2015-Issue 8—In a previous article, we discussed the ability to claim an ordinary loss on the abandonment of a partnership interest or upon the worthlessness of the partnership interest (see Tax Advisor Weekly 2014-7). Remember, we discussed that the worthlessness deduction under Section 165 should give rise to an ordinary loss without regard to the fact that the partner bears the economic risk of loss for certain partnership liabilities. We also discussed that a worthlessness event should not be treated as a lapse or termination of rights such that Section 1234A would apply to make the loss capital. The hanging issue at that time was the Tax Court’s decision inPilgrim’s Pride holding that a taxpayer’s abandonment of securities was a lapse or termination of rights under Section 1234A. The Tax Court’s decision in Pilgrim’s Pride seemed to stretch the intent and application of Section 1234A, providing the IRS with another attack on ordinary losses with respect to capital assets.
Pilgrim’s Pride Refresher
In Pilgrim’s Pride, the taxpayer had acquired securities, and rather than sell them later at a steep loss, which would have resulted in a capital loss, the taxpayer instead abandoned the securities and claimed an ordinary loss under Section 165. Upon audit, the IRS issued a notice of deficiency asserting that the loss claimed was capital even if the abandonment was effective. The IRS did not rely on Section 1234A in making its argument. The Tax Court ordered both parties to file supplemental briefs addressing whether Section 1234A(1) would apply to the abandonment. Without surprise, the IRS argued that Section 1234A applied and rendered the abandonment a deemed sale or exchange of a capital asset subject to capital loss treatment. The Tax Court agreed, and Pilgrim filed a motion for reconsideration and then, ultimately, an appeal to the Fifth Circuit leading to this decision.
The Fifth Circuit Considers the Issue
The Fifth Circuit noted that in order to have a capital loss, there must be an actual sale or exchange or a deemed sale or exchange of a capital asset. In an abandonment of a security, there is no consideration generally for the abandonment (deemed consideration can come from relief of liabilities pursuant to a Section 752 analysis or under general Kirby Lumber principles). Abandonment is generally a unilateral action taken without receiving consideration. The court then noted that the Internal Revenue Code has various provisions that direct certain transactions to be treated as if they were sales or exchanges. Section 1234A is one of those provisions that requires capital loss treatment for any loss “attributable to the cancellation, lapse, expiration, or other termination of — (1) a right or obligation … with respect to property which is (or on acquisition would be) a capital asset in the hands of the taxpayer” (I.R.C. Section 1234A(1)). The Fifth Circuit reiterated that Section 1234A was designed to curb an abuse relating to the early termination of derivative contracts that are out-of-the-money. Taxpayers were terminating loss derivative contracts prior to maturity and taking the position that the loss was ordinary because the contract did not mature and there was no deemed exchange of property under the derivative contract. (See S. Rep. No. 97-144, at 171 (1981).)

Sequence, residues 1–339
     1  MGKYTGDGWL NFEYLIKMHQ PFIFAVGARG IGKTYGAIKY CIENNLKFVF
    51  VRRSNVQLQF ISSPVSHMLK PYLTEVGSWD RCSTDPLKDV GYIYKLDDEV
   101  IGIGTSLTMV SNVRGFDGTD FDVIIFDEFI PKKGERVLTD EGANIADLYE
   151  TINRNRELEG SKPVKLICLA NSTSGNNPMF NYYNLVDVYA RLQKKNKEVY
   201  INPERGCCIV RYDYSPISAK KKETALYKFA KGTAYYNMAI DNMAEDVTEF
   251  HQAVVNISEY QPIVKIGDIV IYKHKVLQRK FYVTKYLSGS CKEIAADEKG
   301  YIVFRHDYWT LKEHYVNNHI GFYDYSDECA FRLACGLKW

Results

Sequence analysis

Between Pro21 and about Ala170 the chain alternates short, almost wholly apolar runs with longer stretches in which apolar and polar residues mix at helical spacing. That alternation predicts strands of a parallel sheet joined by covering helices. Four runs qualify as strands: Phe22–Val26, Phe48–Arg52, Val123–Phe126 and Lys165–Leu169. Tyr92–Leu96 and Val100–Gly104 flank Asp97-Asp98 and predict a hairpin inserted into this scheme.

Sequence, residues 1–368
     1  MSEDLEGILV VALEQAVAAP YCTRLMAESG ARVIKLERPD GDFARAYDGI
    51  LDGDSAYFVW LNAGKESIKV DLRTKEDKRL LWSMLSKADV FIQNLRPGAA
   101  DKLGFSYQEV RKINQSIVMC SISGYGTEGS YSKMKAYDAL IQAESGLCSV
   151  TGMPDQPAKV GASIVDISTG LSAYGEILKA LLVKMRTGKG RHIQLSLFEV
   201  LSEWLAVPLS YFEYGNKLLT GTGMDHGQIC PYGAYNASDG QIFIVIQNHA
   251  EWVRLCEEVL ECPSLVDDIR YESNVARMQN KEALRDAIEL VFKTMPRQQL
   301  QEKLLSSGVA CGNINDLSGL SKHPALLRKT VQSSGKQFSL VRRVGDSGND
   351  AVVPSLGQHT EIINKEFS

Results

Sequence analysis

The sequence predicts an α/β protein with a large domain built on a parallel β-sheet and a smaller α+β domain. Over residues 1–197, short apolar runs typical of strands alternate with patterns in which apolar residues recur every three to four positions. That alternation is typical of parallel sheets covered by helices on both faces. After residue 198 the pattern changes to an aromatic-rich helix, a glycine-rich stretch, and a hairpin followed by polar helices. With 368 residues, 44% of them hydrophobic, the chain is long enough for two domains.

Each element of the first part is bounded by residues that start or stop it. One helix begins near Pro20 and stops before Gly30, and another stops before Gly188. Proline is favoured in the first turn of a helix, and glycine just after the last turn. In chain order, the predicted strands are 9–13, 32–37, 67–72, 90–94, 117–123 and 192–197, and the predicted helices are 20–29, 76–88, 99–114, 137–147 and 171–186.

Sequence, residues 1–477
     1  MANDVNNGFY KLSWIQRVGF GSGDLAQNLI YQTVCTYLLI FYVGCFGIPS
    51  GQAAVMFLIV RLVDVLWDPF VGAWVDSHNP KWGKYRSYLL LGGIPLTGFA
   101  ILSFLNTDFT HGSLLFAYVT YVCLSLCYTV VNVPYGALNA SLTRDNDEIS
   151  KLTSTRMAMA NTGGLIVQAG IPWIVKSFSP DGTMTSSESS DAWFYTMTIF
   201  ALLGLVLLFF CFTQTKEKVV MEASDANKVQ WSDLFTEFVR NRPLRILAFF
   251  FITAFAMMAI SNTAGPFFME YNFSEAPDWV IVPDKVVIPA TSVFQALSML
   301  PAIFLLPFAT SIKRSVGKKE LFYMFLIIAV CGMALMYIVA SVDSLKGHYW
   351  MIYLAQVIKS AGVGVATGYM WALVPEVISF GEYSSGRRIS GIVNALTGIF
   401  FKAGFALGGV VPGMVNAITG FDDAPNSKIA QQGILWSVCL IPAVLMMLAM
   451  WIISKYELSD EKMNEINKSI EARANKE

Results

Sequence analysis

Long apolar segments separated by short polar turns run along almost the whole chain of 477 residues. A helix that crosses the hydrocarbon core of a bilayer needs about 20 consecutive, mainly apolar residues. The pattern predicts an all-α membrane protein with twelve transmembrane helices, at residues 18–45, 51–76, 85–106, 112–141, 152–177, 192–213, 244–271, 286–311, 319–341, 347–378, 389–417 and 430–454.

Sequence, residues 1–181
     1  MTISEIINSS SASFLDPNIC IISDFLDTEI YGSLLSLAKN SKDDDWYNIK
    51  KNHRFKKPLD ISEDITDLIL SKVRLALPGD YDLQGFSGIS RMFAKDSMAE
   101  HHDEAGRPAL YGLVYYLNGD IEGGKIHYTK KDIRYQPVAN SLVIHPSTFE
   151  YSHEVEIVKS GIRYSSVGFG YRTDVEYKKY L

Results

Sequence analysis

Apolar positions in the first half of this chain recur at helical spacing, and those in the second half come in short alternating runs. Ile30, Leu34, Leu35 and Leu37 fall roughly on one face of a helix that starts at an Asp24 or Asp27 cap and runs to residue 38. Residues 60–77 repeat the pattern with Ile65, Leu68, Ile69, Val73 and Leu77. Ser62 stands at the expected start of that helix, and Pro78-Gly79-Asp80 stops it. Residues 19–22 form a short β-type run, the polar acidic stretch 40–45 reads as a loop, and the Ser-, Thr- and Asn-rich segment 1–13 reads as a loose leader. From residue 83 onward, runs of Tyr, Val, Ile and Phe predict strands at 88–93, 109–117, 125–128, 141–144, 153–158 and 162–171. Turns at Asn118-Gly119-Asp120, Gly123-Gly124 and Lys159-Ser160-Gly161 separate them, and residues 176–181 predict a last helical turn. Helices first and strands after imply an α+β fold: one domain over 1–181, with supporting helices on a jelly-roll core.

The primary question for the Court in this case was whether Section 1234A(1) applies to a taxpayer’s abandonment of a capital asset. The Fifth Circuit answered “no.” The Court held that Section 1234A(1) applies to the termination of rights or obligations with respect to capital assets (e.g., derivative or contractual rights to buy or sell capital assets). It does not apply to the termination of ownership of the capital asset itself.
The Court also entertained an interesting argument from the IRS that the Court dismissed based on grounds of statutory construction and giving plain meaning to the words chosen by Congress in writing tax laws. The Court refused to find that a termination in rights to a capital asset occurs under Section 1234A upon the abandonment of the asset itself. The Court noted that it “cannot ascribe to Congress ‘an extravagant preference for the opaque’” in relation to the argument requiring the Court to interpret the statute in a convoluted manner. Had Congress intended Section 1234A to apply to a taxpayer’s abandonment of a capital asset, it would have drafted the statute to say so explicitly.
The Fifth Circuit has continued to get it right in allowing ordinary losses for abandonment and worthlessness with respect to capital assets under the Code and Treasury Regulations. Echols v. Commissioner, 935 F.2d 703 (5th Cir. 1991) — allowing an ordinary loss for abandonment of a partnership interest where there was no economic risk of loss for partnership liabilities — continues as precedent and was even the basis for Rev. Rul. 93-80, in which the IRS held that a taxpayer can take an ordinary loss for the abandonment of a partnership interest even if the partnership interest is a capital asset. The Fifth Circuit also got it right in Pilgrim’s Pride. Section 1234A was not intended to apply to an abandonment of a capital asset, nor was it intended to apply to a determination of worthlessness. We might have to wait for another case on that point, however.
Alvarez & Marsal Taxand Says:
In spite of the attack by the IRS on claiming ordinary losses for capital assets that are abandoned or determined to be worthless, taxpayers with the stomach to fight continue to win. It is not appropriate to assume that capital assets produce capital losses. Under the right set of circumstances, taxpayers can claim ordinary losses on the abandonment or worthlessness of a capital asset.
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